Visitors to the Homewood Farmers Market on Saturday, June 4, had the chance to learn about the interconnected system of species that make up oak woodlands from the Homewood Science Center’s spring conservation interns.
Lezlie Higgins of Homewood paused from her work putting the finishing touches on a poster to explain the various kinds of birds found in oak woodlands and their role in that ecosystem. She had information about their diets and habits.
Next to her table, Joy Benjamin and Kaylen Cagle, also of Homewood, presented information about oak trees and how they support neighboring species.
Around the corner, Anderson Pries of Homewood was prepared to talk about controlled burns and how they are used to help manage plant life in the woodland. He also had information about the different kinds of plants found in the woodland, from native to invasive species.
The four middle schoolers were among a dozen interns presenting their work at the market, part of the biannual conservation internship offered by the science center.
The spring internship was supervised by Nicole Fuller, a Chicago Public Schools teacher.
“I’m a middle school science teacher, so this is in my wheelhouse,” she said.
It wasn’t just the topic she was attracted to, but the opportunity to help kids get a sense for STEMpathy, a term that combines STEM — science, technology, engineering, math — with empathy, a way of looking at the world of nature with respect for the roles and connections of all the species that make up an ecosystem.
“I’m really passionate about getting kids connected to nature,” she said.
The internship does just that, not only teaching kids about the natural world, but giving them opportunities to engage with it.
During the spring internship, students studied oak woodlands, but they also went to the oak woodland in Izaak Walton Nature Preserve to help with preservation efforts.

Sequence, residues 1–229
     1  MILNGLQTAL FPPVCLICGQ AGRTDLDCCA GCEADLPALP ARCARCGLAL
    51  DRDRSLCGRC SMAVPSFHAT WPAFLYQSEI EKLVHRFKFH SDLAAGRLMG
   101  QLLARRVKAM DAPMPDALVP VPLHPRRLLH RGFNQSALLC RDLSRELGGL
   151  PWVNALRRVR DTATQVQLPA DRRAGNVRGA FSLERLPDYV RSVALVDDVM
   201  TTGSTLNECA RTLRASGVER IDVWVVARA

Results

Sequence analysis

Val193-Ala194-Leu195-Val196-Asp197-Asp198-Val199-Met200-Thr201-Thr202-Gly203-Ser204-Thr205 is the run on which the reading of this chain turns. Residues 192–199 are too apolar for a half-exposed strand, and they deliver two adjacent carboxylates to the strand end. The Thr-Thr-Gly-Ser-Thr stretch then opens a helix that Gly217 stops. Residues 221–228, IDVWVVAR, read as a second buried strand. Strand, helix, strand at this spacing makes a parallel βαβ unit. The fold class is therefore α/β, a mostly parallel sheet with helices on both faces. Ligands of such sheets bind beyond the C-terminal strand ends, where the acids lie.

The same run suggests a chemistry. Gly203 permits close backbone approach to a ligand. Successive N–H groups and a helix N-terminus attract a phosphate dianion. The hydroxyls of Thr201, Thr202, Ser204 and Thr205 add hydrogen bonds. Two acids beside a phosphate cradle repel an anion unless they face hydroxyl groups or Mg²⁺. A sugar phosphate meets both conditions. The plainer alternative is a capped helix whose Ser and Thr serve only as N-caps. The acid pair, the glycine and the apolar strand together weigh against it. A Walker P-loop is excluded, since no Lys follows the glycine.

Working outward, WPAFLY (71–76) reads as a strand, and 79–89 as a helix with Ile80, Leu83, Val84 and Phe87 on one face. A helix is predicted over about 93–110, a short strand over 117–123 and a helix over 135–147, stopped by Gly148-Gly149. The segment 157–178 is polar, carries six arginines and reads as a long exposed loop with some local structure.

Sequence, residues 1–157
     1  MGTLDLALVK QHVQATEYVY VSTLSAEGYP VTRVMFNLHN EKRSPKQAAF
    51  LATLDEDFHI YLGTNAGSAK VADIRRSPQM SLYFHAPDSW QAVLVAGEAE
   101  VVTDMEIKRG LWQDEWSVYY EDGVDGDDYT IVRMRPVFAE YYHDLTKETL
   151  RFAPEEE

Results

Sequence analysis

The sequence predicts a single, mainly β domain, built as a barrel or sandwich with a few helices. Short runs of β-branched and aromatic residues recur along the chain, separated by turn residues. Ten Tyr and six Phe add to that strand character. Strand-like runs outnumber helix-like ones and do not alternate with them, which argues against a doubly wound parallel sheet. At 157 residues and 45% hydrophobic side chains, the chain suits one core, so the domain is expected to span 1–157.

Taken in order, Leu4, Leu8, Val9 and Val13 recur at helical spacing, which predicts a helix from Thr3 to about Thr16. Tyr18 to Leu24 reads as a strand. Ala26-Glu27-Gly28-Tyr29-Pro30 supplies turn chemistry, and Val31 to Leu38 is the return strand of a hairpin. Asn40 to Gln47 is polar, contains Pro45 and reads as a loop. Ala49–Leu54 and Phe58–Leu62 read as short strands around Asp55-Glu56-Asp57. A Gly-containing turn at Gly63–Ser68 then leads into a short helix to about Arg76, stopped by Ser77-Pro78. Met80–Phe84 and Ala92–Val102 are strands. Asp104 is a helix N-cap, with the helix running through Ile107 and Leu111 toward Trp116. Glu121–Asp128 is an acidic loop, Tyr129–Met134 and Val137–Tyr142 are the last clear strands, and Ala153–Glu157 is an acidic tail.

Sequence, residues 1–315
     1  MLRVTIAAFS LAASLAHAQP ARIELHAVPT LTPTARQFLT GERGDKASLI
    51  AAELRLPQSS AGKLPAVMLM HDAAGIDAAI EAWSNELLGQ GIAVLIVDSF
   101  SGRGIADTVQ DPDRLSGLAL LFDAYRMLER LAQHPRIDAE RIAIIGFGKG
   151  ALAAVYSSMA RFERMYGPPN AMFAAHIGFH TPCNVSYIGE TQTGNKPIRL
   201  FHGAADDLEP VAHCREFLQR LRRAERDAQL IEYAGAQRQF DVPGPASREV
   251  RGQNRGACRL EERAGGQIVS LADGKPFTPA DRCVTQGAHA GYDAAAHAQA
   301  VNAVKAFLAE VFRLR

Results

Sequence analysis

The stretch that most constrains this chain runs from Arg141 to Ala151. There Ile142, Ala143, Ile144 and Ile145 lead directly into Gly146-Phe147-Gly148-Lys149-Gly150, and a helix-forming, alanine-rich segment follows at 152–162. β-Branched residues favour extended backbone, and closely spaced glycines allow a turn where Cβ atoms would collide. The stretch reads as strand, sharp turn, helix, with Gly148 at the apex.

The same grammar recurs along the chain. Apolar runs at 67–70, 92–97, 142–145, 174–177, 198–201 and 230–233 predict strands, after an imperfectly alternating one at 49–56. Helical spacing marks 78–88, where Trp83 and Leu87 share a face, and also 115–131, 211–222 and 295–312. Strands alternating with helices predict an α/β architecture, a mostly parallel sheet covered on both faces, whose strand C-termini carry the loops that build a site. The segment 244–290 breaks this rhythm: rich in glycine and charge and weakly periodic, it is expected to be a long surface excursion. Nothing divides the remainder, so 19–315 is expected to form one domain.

“We actually took loppers and cut down some of the invasive species,” she said. “We took down cherry trees and buckthorn, and then we sowed it with native seeds. Our goal was to help try to restore this oak woodland.”
Fuller said getting kids actively involved in preservation helps them learn about stewardship. By seeing nature up close, they get a better sense for the oak trees and their relationships with all the species around the woodland. They can see how preserving the trees helps all the woodland plants, animals and insects thrive, she said.
“It’s really empowering, because then kids become compassionate,” she said.
The lesson in empathy was supported along the way by science instruction. Fuller said her husband, Ryan Fuller, who is a scientist at the Field Museum in Chicago, helped bring in guest speakers to help the students understand how the ecosystem works.
The poster session at the market was the final project for the interns, giving them a chance to create displays and explain to an audience what they learned.
“The best we could ever do is have kids tell their story,” Fuller said.
Photos by Eric Crump/H-F Chronicle.